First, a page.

Warrier's Collage 28082020 : Deva Bhasha

Warrier's Collage 28082020 : Deva Bhasha See D 1 RBI's reserves. E 1 Life's twists and turns : Warrier E 2 Speaking Tree article : Narayani Ganesh M G Warrier Swami Chinmayananda's discourse https://youtu.be/imavqFvdPWk A Interaction PKK Nair " By listening to this video*, I feel that I have repaid all my debts to the great Warrier’s Collage! That is all, nothing more! PKKNair" (*Video about Sanskrit Language. Frankly, I've not understood, Sir. Relying on my trust that you will say something good only, copied your response here -Warrier) AA Military Jokes https://www.rd.com/jokes/military/ B Sanskrit and our Samskruti 1) Sanskrit in schools https://youtu.be/rzy5YWT7sQ0 2) Lead Article Salutations to Devabhasha! Vathsala Jayaraman Sanskrit has the highest number of vocabularies. Many words have more than 150 meanings. It is not 'content' based, but 'context' based. Even in 1987 Forbes declared Sanskrit as the best computer friendly language. There are so many Vaignaanik Sastra including Vaimaanika Sastra records in Sanskrit. Learning Sanskrit improves brain functioning and develops sharp memory. Of late so much is talked about the greatness of Sanskrit, even Warrier's Collage today. From High School, my second language has been Sanskrit and I had opportunity to read many kavyas in Sanskrit and appreciate the literary and lingual aspects of Sanskrit. I love to read Sanskrit epics and do appreciate the authors. For long Sanskrit has been elevated to the level of Deva Bhasha or divine language with heaps of statistics to justify the same. But except the ancient Bhakthi literature and astronomical works, the pride of Sanskrit, for the past 500 years nothing concrete has been done either to popularise and introduce it in common schools, but for a few Bhashans by some Mutt Swamijis and oath taking paraphernalia by a few M. P. s Sanskrit has had an influence over the literary and technical cultures of nearly every region of India — it would not be surprising if Indians "celebrated" it. But there is no notice of any such evident celebration also. A healthy culture must be aware of its history, and at least some people must continue to engage with its classical works. English culture would be poorer if no one read Shakespeare or Milton. French culture would be poorer if no French person read Rabelais or Voltaire; and Indian culture in general is poorer when no one "celebrates" the classical works in Sanskrit (and in Pali, Prakrit, Tamil, Bengali, Hindi, etc). If at all any significant number of people were really "celebrating" Sanskrit — reading Kālidāsa or Patañjali or Āryabhaṭa, say — it would be a good thing. But that doesn't seem to be happening much anyway. It is an undeniable fact that there is a 'fall' of Sanskrit inspite of 'perfection, divinity and greatness'. Sanskrit definitely helped to spread 'knowledge' But it is culture and 'prestige' that can withstand shocks, upheavals and political struggles. Evidently that has happened to Sanskrit inspite of our tall claims that it is the most suited language for Computer programming. Recently we learn that there more schools and Universities in Germany that offer advanced courses in Sanskrit. Why can't it happen in India? Historically, Sanskrit was the language for the upper castes. So, demographically, there was limited scope for it overshadowing colloquial languages. Over time, it became the language of literature than of conversation. It is the language of the slokas and hymns, which are still used as it is. So appreciating the importance of Sanskrit as a very basic language of Hinduism holds its own uniqueness. Strictly speaking a computer language is used to program a computer. Hence it is made up of a finite number of words only. This kind of finite-word computer language could be done with the words from any language, not necessarily from Sanskrit. English being one with the least alphabet set and popular keyboards being of the Roman/English alphabet set, the words chosen are English. If any other language is used there would be one more stage for conversion before going on to machine language. When someone says/claims that Sanskrit is suitable as a Computer Language, what is meant is that Sanskrit Language as in day-to-day use is directly capable of generating the machine instructions to the Computers as they exist today. It is necessary to first prove the capabilities of Sanskrit on paper first, only then attempts to machinize them could be “successfully” attempted. To my knowledge this itself has not yet been done. Once this is done only, one could make the claim. As of now this is all untested. Unless this is done end-to-end such claims are premature. It may not be impossible, but it is also to be noted that it is far from easy and calls for a few years of dedicated research. It is possible that almost insurmountable problems are encountered before a final shape is given. There are and will be several open problems and sub-problems in the process. As per the present situation it is a great question whether Sanskrit will revive its past glory, unless extra ordinary special efforts are taken in this regard. Until such time Sanskrit is likely to remain a Devabhasha only. ( not to hurt the sentiments of Sanskrit lovers, I am also one among them) C Readers Write V Babusenan Uddanda Shastry and Kaakkassery Bhattathiri " Uddanda Sastri, a15th century Sanskrit scholar who considered himself a lion among Vedantins and a terror to all the poet 'Kunjaras' (elephants), especially of Kerala, found his adversary in a small boy. Uddanda Shastry could not believe his eyes when he looked at the person seated in front of him for the debate. He said contemptuously :"Aakaaro hraswa"(of short appearance). Pat came the refutation: "Nahi,nahi. Aakaaro deerghaha, Akaaro hraswaha." The word 'aakaara' has two meanings: 'appearance' and the second vowel 'aa'. The boy played on this. There was applause from the audience. For every statement of Sastri, there was refutation from the boy with telling effect. Shastry was greatly impressed. Out of sheer admiration, he said :"Maataa pati vrathaa" The boy refuted that also to the consternation of all. Then he explained : "According to the Rig Veda, a woman, on the first night of her marriage, should accept Soma as her husband. On the second and third nights she must belong to Gandharva and Agni respectively. That being the case, how can anyone say that my mother is a pathivratha?" There was thunderous applause. This wonder boy was Kakkasseri Damodaran Bhattathiri about whom Shri.C.V.Subbaraman made a reference in his very interesting write -up on Sandhiprayogam. When the debate concluded, Uddanda Sastri said: "Look here, boy. I have put six questions in three lines. The fourth line should be framed in such a manner that it should provide right answer to all the six questions. I showed this to so many in and outside Kerala, but none could satisfactorily fill the fourth line. Will you try?" "Let me hear the lines", said the boy. These were the lines: Ka khe charathi? kaa rammyaa ? (What travels in the sky? Who is the most pleasing?) Kim japyam? Kimnubhooshanam? (What to chant? What ornament to wear?) Ko vandya? Kee drisee Lanka? (Whom to revere? How Lanka looked like?) With ease the boy supplied the fourth line : "Veera markada kampithaha" It was an extremely clever thing to do. Answers were in the order of the questions: "Vee (birds), Rama(Vishnu's consort), Rk (Rig Veda Mantra), Kadakam (ornament on the feet), Pita (father) and the whole line indicating the condition of Lanka after Hanuman had shaken it hard. (It seems easier to believe that the questions were framed on the basis of the answer.) The extraordinary intellectual brilliance of the boy showed promises of a second Shankara, but that was not to be. Except a book 'Vasumatee Manavikramam' (most likely a eulogy on the king), Kakkasseri's literary efforts did not amount to much. In a way, it was to be like that only. The story is that, during the course of her pregnancy, his mother was regularly fed with food and butter soaked in mantras in order to produce a boy endowed with enough talents to defeat the non-Keralite scholar Uddanda Shastry in debates.That purpose was accomplished!" (This is one of the famous episodes in the "Tharka" (Argument) history. I've heard from my father this also : "When Kaakkassery and his team started that day from Illam in the early morning, several bad omens started appearing. A cat 🐈 crossed their way. Kaakkassery asked his friends to carry the cat. An old barber came from the opposite direction which was also considered a bad "Shakuna" (omen) when one is proceeding for some auspicious work. The team took the old man with them as desired by Kaakkassery. The story goes like this : After preliminary introduction etc the argument started. Shastry : " You small boy, first you argue with my parrot🦜. Defeat the bird and then we will argue." Kaakkassery : " Ok. My cat 🐈 will argue with the parrot 🦜not me" ( Hearing cat's meow, parrot retreated to the cage) S : "I'm more handsome" K : "Shastra says, one who looks exactly like his father is handsome. I am handsome" S : "I'm the oldest person present here" K : (Called the old man whom they brought to the front) "Here's the oldest person" Warrier) D Current Affairs 1) RBI's reserves The Reserve Bank of India has transferred an amount of Rs 73,615 crore to the Contingency Fund (CF) of the central bank this year to maintain the reserves at the lower end of the band of 5.5 percent to 6.5 percent of the Bank's Balance Sheet size recommended by the Jalan Panel last year (the recommendation was accepted). It'll take a few years to recoup the legacy deficit of Rajan Era when RBI didn't make any transfer to reserves (more details in the report) : https://indianexpress.com/article/explained/why-did-rbi-transfer-rs-76315-crore-to-the-contingency-fund-6570925/lite/ (Link received from S. Thyagarajan) 2) An Interview : For GenNext (Share with Civil Services aspirants) https://youtu.be/hFXNzYcNaK8 Interview with 2019 Civil Services Exam Topper (Rank 19) Please share with IAS aspirants. E Blogs and Links 1) Life's twists and turns : M G Warrier https://timesofindia.indiatimes.com/readersblog/warriersviews/lifes-twists-and-turns-25187/ Profile of another friend who influenced me covered in this article. 2) Narayani Ganesh in Speaking Tree https://www.speakingtree.in/article/forced-positive-feelings-could-turn-toxic No need to "act" positive. Just be yourself.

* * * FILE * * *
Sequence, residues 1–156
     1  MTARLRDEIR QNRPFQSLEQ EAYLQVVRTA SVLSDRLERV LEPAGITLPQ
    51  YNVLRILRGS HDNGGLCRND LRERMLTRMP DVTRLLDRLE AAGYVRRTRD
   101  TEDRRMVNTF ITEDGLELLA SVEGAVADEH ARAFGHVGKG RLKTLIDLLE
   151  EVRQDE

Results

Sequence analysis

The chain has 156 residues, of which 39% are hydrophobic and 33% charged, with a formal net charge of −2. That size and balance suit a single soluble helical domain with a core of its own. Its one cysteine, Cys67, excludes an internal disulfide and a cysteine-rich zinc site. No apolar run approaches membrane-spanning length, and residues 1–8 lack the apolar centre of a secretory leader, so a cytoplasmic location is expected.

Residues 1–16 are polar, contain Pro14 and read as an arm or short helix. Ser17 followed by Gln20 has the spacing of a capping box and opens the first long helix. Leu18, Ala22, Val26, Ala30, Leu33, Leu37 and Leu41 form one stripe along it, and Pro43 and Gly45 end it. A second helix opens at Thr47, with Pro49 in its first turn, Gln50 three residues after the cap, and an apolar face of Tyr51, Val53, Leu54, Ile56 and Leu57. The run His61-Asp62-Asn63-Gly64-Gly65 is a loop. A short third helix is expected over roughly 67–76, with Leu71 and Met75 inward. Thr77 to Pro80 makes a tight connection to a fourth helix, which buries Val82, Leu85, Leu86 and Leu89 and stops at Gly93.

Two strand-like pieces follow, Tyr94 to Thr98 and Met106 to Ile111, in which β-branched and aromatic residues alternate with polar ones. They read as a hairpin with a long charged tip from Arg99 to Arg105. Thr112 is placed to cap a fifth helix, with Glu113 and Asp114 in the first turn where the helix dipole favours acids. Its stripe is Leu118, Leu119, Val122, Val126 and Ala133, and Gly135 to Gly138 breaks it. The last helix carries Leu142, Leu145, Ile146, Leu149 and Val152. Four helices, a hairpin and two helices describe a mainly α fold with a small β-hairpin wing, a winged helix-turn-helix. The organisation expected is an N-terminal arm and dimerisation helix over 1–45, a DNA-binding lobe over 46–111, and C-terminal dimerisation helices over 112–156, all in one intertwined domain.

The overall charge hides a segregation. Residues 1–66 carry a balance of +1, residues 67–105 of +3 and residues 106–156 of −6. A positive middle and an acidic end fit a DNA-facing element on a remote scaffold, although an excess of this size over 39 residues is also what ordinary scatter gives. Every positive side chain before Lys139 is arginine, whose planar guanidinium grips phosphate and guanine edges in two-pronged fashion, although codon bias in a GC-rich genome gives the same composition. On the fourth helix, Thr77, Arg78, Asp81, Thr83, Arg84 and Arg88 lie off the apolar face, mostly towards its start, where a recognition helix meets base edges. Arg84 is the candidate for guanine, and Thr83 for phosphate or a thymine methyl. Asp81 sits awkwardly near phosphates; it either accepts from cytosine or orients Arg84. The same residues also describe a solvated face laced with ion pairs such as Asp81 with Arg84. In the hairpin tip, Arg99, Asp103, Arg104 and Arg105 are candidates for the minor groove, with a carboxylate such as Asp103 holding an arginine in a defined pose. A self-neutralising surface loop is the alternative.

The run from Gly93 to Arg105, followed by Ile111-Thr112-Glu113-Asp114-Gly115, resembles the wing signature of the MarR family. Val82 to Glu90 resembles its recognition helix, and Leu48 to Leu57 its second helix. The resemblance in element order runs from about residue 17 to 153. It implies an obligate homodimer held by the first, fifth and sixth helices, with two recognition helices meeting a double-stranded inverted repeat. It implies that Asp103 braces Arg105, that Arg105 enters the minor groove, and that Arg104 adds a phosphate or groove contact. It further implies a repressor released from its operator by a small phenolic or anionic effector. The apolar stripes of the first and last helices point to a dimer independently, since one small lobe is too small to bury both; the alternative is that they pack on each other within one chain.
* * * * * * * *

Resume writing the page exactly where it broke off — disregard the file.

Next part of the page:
Popular posts from this blog


The King of Ragas: Sankarabharanam